Ask for help and create a caregiving team

Ask for help and create a caregiving team

Caregiving is ideally a “team effort,” with multiple people taking on different roles and responsibilities when it comes to those in your care.

Building a caregiving team or network of eyes and ears, can provide important support for you as well as for the people in your care.

If you're caring for a family member who is ill or injured, or looking out for a parent who is aging at home, you are a caregiver. Being a caregiver is a tough role to fill on your own, particularly if their health (or yours) declines.

Building a caregiving team or network of eyes and ears, can provide important support for you as well as for the people in your care. It is also helpful when there is one person designated to coordinate the responsibilities of the team.

Caregivers learning to say “Yes” to help

It is okay to ask for support but you need to remain positive and be specific about how family members and even friends can assist with the caregiving responsibilities. Here are some tips for building a caregiver team that will work well together.

  • Start by creating a list of the areas you need help with.
  • Communicate with those who wish to help and if possible, let them choose the area they wish to help you with.
  • Divide responsibilities into those that can be met by family members or friends, and those that need support from health care providers or paid service providers (e.g., property maintenance). Make sure each family member has input in decision making and arranging for care.
  • Do your best to ensure the assigned caregiving roles fit the needs and preferences of both the family members and the care recipient.
  • Keep caregiving roles flexible and be aware that needs and roles may change over time.
  • Implement a buddy system. Everyone involved in caregiving should have a partner.

Get to know your parents' neighbours

Are your parents continuing to live at home as they age?

If you don't know your parent’s neighbours already, make a point of introducing yourself to them. Explain any concerns you have about your parents, and with their permission, exchange phone numbers so you can call each other if need be.

If your parent’s neighbours are trusted friends, consider giving them an extra house key in case they need to check in on your parents when you can't be there.

Caregiving checklist

Use this caregiver checklist to help you keep track of everyone’s caregiving responsibilities.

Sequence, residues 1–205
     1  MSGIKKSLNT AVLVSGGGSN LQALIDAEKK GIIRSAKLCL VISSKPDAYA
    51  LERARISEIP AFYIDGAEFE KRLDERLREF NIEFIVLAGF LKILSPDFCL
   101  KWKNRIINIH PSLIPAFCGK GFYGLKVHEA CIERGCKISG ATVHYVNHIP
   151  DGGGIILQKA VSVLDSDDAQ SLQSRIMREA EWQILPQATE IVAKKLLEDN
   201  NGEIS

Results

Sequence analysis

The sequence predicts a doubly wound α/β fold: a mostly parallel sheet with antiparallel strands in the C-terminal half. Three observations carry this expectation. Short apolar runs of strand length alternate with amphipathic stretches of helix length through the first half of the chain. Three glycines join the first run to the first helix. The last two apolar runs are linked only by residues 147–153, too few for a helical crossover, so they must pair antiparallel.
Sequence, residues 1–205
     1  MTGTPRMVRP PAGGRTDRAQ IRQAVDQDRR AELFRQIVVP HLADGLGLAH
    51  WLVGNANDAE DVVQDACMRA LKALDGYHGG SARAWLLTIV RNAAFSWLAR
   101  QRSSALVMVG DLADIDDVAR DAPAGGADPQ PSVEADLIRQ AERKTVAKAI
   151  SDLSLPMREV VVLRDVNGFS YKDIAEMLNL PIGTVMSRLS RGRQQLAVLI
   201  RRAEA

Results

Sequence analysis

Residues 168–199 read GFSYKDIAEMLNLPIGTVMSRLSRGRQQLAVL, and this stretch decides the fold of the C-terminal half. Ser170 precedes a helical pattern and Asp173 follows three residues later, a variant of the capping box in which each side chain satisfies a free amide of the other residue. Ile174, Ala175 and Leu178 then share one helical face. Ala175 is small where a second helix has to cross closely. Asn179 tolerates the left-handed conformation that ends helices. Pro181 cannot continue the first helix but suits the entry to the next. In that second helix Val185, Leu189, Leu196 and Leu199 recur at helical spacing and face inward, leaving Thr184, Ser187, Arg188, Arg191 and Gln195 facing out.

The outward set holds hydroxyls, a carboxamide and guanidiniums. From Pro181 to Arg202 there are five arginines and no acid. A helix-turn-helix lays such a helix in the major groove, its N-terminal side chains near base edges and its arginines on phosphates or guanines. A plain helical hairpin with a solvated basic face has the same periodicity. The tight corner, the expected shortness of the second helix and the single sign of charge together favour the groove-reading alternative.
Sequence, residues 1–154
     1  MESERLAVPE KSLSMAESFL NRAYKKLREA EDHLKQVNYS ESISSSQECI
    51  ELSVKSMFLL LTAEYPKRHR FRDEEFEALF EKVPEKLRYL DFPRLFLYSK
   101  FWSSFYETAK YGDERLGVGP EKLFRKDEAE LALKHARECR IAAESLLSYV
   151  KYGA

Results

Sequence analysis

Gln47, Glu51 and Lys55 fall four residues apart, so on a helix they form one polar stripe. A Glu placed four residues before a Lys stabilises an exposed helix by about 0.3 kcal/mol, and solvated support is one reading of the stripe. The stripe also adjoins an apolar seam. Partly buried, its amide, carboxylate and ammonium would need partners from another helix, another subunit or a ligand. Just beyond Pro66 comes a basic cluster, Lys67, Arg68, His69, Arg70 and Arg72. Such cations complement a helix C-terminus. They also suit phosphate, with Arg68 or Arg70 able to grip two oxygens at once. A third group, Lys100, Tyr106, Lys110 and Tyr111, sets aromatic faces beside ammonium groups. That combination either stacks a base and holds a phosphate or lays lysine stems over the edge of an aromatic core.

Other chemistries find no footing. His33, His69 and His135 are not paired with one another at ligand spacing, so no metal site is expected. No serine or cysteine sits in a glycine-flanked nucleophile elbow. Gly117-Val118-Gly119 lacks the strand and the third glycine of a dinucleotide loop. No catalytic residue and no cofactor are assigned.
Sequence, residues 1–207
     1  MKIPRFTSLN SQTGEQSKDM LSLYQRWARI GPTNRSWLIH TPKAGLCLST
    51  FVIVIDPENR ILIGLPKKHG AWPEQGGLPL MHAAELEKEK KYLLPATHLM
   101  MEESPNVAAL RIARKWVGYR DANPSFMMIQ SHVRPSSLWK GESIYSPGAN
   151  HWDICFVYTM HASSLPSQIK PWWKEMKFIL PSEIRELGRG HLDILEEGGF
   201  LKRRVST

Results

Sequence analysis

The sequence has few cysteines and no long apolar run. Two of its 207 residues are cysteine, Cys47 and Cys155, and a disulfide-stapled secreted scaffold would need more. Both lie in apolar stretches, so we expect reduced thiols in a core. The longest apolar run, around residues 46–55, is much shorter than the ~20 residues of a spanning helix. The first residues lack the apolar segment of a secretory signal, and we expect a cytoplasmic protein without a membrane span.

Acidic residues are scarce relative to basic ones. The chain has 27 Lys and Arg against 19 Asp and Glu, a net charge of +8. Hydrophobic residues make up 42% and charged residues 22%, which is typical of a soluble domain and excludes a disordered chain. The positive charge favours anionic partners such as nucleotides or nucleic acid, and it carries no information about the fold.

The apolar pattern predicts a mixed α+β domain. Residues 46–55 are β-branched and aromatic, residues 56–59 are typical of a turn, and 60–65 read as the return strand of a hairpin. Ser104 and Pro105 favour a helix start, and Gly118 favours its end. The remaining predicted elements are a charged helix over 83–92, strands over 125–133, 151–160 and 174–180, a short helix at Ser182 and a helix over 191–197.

Caregiving Responsibilities

Who Can Help



Phone number

Home maintenance (e.g., painting, light repairs)



Laundry (e.g., washing, ironing, shopping for supplies)



Groceries and meal planning

e.g., friends, grocery delivery service


House cleaning



Grass cutting, snow removal, and/or gardening

e.g., neighbourhood teenager


Safety checks (e.g., daily confirmation that the person is safe)



Pet care (e.g., walking, grooming, feeding, vet appointments)

e.g., neighbourhood friend


Daily Living Needs



Transportation to and from appointments

e.g., family member


Bathing and showering

e.g., home care service


Meal preparation



Home safety and adaptations (e.g., removing fall hazards, checking smoke detectors, installing bathtub grip bars)



Social interaction and companionship



Health Care



Arranging doctor / care provider appointments



Communicating with health care providers (asking questions, taking notes) and explaining this information to the care recipient



Medications (e.g., placing orders, picking up, monitoring use)









Paying bills



Accessing benefits (e.g., Registered Disability Savings Plan, Federal Caregiver Tax Credit, Compassionate Care Benefits)



Banking (e.g., knowing the location of all banking and investment accounts, credit cards, lines of credit and any outstanding loans)



Financial planning (e.g., managing investments)



Paying taxes


Sale of assets (e.g., home, vehicle)



Assisting with paying for medical equipment or services






Organizing important documents for access by primary caregiver and a back-up or substitute decision maker



Will (e.g., up to date and securely stored)



Powers of Attorney (e.g., up to date and securely stored)



It’s important to preserve your own health and well being and to avoid caregiver burnout. For more information about caregiver help, take a look at our Elizz article entitled Share The Care – 7 Caregiver Rules.

You will also find a wealth of additional support for caregivers (and for those in your care) on our Elizz services page. 




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